July 02, 2010

Jelly-Belly Bee Excavating Nest

Also known as mason or leafcutter bees, jelly-bellies carry pollen on their scopa, the fuzzy yellow area on this bee. They are solitary bees and don't live in colonies. Instead, one female leafcutter bee will dig out a nest, create nest cells and provide her young with food. Adult females may live up to two months and lay 35-40 eggs during this time. (Our honeybee queen is laying up to 3,000 eggs a day.)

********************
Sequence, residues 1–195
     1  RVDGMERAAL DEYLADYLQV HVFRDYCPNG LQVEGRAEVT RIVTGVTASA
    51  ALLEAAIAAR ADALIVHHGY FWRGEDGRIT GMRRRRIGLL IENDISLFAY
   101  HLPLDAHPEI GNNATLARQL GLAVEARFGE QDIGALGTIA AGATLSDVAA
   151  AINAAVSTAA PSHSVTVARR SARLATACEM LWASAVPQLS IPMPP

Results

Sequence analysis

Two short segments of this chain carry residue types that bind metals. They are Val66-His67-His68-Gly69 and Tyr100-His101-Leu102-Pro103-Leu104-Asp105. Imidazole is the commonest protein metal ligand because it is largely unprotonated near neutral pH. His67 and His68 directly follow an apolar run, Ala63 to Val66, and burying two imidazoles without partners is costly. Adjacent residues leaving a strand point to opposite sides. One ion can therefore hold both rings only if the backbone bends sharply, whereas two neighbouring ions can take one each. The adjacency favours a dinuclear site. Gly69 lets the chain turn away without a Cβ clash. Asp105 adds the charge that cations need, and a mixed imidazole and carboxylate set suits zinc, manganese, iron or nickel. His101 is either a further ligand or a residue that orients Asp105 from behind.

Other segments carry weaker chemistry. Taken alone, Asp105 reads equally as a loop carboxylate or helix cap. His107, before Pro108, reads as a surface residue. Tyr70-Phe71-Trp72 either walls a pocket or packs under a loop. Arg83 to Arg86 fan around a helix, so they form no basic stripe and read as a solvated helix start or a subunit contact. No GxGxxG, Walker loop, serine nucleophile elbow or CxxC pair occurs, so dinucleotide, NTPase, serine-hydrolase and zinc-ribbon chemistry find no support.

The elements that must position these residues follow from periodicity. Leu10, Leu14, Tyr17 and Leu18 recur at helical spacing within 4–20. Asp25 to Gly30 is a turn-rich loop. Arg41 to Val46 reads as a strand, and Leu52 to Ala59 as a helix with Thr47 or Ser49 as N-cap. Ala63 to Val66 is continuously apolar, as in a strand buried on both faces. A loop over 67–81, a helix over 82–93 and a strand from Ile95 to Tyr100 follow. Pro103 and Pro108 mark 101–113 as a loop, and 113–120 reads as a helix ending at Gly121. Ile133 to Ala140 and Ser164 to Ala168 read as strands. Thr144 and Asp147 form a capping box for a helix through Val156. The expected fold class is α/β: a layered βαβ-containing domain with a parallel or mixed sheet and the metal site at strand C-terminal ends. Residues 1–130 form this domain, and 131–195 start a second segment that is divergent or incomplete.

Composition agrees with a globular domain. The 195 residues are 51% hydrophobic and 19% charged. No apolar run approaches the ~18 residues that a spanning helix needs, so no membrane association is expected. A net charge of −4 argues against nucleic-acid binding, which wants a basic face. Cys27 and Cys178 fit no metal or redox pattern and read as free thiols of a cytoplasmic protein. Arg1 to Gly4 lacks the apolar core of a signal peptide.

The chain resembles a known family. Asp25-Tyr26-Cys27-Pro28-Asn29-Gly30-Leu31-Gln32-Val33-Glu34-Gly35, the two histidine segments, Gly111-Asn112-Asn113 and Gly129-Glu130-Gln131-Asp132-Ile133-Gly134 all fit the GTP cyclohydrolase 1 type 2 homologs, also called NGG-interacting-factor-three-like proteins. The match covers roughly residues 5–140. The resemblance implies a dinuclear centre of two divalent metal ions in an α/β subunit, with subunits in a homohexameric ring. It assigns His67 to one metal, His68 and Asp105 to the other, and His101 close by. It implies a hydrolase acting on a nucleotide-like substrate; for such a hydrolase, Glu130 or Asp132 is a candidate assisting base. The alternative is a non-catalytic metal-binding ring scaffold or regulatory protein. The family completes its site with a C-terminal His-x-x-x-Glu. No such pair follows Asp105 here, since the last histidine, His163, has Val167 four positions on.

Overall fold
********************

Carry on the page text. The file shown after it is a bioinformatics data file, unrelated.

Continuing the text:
At least one species of leafcutter bee is cultivated for agricultural use in Colorado. Megachile rotundata is used to pollinate alfalfa, a function that it does far more efficiently than honeybees. The leafcutters are provided with predrilled "bee boards" to use for nest construction. At the end of the season, the nest cells with developing bees are collected and carefully stored, to be released the subsequent season when alfalfa blooms (June).

Leafcutter bees are important native insects of the western United States.


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